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Original Research: ASTHMA |

Acute Effects of Salmeterol and Fluticasone Propionate Alone and in Combination on Airway Blood Flow in Patients With AsthmaAirway Blood Flow in Asthma

Eliana S. Mendes, MD; Patricia Rebolledo; Adam Wanner, MD, FCCP
Author and Funding Information

From the Division of Pulmonary and Critical Care Medicine, Department of Medicine, University of Miami Miller School of Medicine, Miami, FL.

Correspondence to: Eliana Mendes, MD, University of Miami, Division of Pulmonary and Critical Care Medicine, 1600 NW 10th Ave, No. 7064-A, Miami, FL 33136; e-mail: emendes@med.miami.edu


For editorial comment see page 1134

Funding/Support: This study was supported by an academic grant from GlaxoSmithKline [protocol number 107909].

Reproduction of this article is prohibited without written permission from the American College of Chest Physicians (http://www.chestpubs.org/site/misc/reprints.xhtml).


© 2012 American College of Chest Physicians


Chest. 2012;141(5):1184-1189. doi:10.1378/chest.11-0685
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Background:  The airway contains airway smooth muscle and airway vascular smooth muscle. The acute effects of inhaled long-acting β2-adrenergic agonists (LABAs) alone, or in combination with an inhaled glucocorticoid (ICS), on airway smooth muscle tone in asthma are known; however, to the best of our knowledge, their effect on airway vascular smooth muscle tone has not been investigated previously. The objective of this study was to investigate the immediate effects of a LABA and an ICS alone and in combination on airway blood flow (Qaw) as an index of airway vascular smooth muscle tone in patients with stable asthma.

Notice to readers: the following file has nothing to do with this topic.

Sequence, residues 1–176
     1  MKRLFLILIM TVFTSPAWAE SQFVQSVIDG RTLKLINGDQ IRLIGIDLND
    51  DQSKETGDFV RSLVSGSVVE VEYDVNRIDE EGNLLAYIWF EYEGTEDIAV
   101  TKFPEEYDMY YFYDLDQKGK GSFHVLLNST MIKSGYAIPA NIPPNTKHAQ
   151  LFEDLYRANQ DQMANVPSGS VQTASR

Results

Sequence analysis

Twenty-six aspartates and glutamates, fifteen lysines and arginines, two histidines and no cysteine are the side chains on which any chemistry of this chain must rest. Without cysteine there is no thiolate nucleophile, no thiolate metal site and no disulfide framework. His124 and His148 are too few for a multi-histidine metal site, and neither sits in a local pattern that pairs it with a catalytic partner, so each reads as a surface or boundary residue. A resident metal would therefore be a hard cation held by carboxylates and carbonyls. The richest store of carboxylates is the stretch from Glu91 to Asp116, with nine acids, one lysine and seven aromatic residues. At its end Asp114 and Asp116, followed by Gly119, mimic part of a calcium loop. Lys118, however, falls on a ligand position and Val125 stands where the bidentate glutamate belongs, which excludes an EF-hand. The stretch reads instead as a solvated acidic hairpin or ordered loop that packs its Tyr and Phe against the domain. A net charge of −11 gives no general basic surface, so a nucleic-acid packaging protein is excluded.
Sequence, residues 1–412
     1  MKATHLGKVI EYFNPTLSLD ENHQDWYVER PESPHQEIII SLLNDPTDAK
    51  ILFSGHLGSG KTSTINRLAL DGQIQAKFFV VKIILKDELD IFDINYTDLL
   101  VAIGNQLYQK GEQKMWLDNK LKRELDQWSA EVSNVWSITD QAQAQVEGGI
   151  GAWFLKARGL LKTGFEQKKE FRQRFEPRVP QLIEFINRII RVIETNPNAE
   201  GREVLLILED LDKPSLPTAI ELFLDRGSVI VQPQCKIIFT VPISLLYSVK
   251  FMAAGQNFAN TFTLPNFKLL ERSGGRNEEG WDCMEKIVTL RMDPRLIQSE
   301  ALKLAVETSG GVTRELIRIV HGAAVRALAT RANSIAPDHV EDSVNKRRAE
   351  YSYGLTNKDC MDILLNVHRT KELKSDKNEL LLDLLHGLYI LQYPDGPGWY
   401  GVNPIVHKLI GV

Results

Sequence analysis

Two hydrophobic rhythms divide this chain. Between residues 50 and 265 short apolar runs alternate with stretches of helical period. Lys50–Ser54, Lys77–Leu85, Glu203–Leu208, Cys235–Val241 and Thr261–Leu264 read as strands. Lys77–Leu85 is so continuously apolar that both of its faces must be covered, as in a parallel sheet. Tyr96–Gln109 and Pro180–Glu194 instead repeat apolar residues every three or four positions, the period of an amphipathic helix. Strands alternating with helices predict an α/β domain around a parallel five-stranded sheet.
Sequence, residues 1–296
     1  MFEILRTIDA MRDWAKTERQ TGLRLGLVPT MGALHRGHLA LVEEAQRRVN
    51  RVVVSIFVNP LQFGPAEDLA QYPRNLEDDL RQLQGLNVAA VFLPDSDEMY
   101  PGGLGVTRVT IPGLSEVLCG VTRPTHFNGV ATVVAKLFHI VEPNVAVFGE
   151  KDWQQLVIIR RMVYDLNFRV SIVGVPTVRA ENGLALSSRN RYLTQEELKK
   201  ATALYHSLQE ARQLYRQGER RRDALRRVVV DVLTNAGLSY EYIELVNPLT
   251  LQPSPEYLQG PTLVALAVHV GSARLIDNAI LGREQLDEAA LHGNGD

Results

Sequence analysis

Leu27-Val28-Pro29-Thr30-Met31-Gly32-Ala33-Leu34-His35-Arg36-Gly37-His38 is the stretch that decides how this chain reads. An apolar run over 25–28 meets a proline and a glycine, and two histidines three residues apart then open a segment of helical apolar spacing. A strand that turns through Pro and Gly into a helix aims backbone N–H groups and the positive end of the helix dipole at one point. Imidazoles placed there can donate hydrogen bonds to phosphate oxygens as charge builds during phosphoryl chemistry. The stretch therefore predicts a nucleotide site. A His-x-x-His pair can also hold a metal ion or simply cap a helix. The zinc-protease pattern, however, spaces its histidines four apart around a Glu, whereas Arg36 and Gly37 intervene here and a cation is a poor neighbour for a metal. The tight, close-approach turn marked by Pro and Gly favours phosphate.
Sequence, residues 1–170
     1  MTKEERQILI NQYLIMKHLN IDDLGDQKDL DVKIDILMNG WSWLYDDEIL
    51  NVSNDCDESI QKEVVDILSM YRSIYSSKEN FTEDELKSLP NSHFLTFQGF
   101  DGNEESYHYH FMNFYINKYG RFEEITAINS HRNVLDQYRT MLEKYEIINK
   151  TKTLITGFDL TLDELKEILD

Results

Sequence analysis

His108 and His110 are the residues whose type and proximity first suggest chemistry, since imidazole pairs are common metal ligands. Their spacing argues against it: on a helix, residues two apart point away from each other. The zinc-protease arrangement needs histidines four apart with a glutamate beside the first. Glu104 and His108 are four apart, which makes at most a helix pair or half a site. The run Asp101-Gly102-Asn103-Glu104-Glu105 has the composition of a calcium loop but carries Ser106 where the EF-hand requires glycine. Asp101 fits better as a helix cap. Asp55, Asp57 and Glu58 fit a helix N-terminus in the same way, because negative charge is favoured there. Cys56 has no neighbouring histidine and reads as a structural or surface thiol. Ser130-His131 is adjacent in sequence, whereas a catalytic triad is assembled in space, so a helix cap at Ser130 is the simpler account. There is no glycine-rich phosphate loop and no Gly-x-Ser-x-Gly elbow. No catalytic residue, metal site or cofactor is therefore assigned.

Methods:  Fourteen subjects with moderate asthma inhaled single doses of salmeterol (50 μg), fluticasone propionate (250 μg), salmeterol/fluticasone propionate (50/250 μg), or placebo; Qaw was measured before and serially for 240 min after drug administration.

Results:  Mean Qaw increased after salmeterol and salmeterol/fluticasone propionate, with peaks at 60 min of 34% and 40%, respectively, and returned to baseline by 240 min after inhalation. Fluticasone propionate alone caused a transient decrease in mean Qaw. The maximal changes in Qaw, which occurred at different times, were 60% for salmeterol, 67% for salmeterol/fluticasone propionate, and −19% for fluticasone propionate (P < .05 vs placebo for all).

Conclusions:  The LABA salmeterol has an acute vasodilator action on the airway of subjects with stable asthma. The addition of fluticasone propionate, which by itself causes vasoconstriction, does not attenuate the salmeterol-induced vasodilation, suggesting that fluticasone propionate potentiates the vasodilator effect of salmeterol. The vasodilation could be of clinical benefit by promoting the vascular clearance of inflammatory mediators including spasmogens from the airway.

Trial registry:  ClinicalTrials.gov; No.: NCT01231230; URL: www.clinicaltrials.gov

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